We’ve all had our fair share of skin issues. Whether it’s rashes caused by a bad skincare product, dark spots due to sun damage, or an inexplicable acne outbreak, we’ve seen it all.
Hives are one such skin condition caused due to an allergic reaction. They look like mosquito bites gone rogue and can get very uncomfortable. Before we move on to discussing the ways by which you can get rid of them, it’s important to understand
what they are and what causes them.
What Are Hives?
Hives, or urticaria, is an allergic reaction that could occur at any age. The most common symptom of hives is red spots known as wheals or weals. These spots are often itchy, and could appear on the face, arms, legs, or torso.
If you’re lucky, you could have small and not very troublesome hives that appear and fade on their own. But, sometimes, hives might turn big and cause a burning sensation. While most hives fade in 24 hours, a few may last a for a couple of days or weeks. Very rarely, hives beneath the skin, or angioedema, may cause difficulty in breathing. It might also be life-threatening.1
There are two main categories of hives.2 These include
- Acute urticaria: This occurs a few minutes after exposure to an allergen, and resolves itself within 6 weeks. About 20% of acute urticaria cases are caused by food allergies. Drugs are the cause of 10% these cases while 8% can be attributed to parasites. Physical factors which trigger hives include pressure, cold, heat, sunlight, and insect bites.
- Chronic urticaria:. Chronic urticaria persists for more than 6 weeks.
Save for the time frame, there isn’t any other way to distinguish between chronic and acute urticaria. But, there might be ways to reduce the duration of your hives outbreak.
How To Treat Hives
Diagnosis of hives involves a thorough physical examination. It also involves a series of questions regarding the frequency, duration, size, and color of the hives along with any foods, habits, or drugs that may have triggered it.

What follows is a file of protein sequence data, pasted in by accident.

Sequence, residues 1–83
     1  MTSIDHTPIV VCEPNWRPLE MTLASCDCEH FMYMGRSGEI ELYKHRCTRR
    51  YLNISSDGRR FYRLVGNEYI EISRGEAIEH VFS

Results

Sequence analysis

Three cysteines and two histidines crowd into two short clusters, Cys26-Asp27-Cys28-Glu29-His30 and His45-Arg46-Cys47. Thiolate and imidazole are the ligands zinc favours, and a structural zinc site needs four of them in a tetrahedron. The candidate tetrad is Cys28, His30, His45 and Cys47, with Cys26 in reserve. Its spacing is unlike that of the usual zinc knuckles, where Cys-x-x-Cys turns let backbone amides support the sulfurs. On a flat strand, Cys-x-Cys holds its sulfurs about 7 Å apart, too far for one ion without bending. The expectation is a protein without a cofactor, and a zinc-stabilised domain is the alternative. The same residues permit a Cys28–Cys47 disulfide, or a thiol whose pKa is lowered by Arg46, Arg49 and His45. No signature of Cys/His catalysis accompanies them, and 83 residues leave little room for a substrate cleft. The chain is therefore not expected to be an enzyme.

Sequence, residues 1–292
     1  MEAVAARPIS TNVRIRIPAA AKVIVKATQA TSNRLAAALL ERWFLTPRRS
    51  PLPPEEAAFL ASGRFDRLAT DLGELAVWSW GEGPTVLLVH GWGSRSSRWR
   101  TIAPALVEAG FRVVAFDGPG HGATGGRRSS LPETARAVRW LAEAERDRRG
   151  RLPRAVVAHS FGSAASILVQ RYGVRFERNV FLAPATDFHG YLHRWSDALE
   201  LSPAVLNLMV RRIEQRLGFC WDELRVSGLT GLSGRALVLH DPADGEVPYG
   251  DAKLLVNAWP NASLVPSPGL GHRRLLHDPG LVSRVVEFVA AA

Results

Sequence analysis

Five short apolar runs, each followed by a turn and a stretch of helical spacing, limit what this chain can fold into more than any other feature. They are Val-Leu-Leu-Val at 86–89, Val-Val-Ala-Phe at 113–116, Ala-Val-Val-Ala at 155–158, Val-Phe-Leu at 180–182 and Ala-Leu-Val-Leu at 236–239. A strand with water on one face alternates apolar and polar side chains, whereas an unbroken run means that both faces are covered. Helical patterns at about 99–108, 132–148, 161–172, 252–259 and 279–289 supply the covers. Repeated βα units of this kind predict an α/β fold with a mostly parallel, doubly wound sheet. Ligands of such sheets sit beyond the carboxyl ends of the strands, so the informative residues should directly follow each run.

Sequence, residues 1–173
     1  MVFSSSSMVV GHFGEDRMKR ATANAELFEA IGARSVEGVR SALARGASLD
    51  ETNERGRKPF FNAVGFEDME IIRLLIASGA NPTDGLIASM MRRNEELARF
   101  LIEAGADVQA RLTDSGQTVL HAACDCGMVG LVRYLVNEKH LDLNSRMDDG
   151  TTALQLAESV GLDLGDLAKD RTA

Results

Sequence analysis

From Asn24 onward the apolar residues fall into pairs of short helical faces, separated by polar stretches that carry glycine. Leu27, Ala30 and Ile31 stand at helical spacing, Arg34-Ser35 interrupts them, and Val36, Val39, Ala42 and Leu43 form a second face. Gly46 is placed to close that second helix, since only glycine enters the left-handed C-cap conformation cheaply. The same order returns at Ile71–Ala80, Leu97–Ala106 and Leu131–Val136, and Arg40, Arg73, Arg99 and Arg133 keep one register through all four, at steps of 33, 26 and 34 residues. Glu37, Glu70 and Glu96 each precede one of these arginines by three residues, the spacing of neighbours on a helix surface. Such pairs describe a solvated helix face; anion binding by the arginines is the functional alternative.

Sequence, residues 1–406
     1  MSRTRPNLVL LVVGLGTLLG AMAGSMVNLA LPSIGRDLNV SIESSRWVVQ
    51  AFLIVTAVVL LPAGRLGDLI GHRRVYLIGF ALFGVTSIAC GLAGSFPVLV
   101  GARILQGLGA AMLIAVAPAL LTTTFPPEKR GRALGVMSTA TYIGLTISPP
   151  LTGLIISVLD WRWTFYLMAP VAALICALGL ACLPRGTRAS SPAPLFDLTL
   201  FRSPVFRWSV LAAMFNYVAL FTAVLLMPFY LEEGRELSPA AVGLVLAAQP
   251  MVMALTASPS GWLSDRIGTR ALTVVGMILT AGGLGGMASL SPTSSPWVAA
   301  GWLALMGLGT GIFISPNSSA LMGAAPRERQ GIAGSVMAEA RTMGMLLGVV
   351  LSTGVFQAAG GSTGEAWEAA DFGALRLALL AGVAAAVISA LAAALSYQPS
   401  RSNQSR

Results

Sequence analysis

Oatmeal extract is used in lotions, creams, soaps, conditioners, and shampoos. It is also a popular ingredient in most home remedies. And, this holds true for hives as well. Here are two ways to use oats to treat a hive outbreak.
- Oats bath: Add two cups of ground oats to a cup of baking soda in a stocking. Place the mouth of the stocking around the tap in your bath and let warm water run through it. Soak in this warm bath water for a few minutes.5
- Oats paste: Mix two cups of oatmeal paste with two tablespoons of cornstarch. Apply this mixture to the affected parts and allow it to sit for about 15–20 minutes before washing it off.6
While oatmeal might not magically rid you of hives, it might give you some much needed relief.
2. Aloe Vera
Aloe vera gel is acknowledged for its medicinal properties around the world. Studies list aloe vera as a primary ingredient in medications for skin disorders, accounting for as much as 35% to 45% of their composition.7
3. Baking Soda
Baking soda has anti-inflammatory properties that can soothe skin rashes and provide relief from itching and inflammation that come with hives. Here are ways to use baking soda to relieve hives
- Baking soda bath: For a relaxing bath, fill your bath with warm water and empty about half a box of baking soda into it.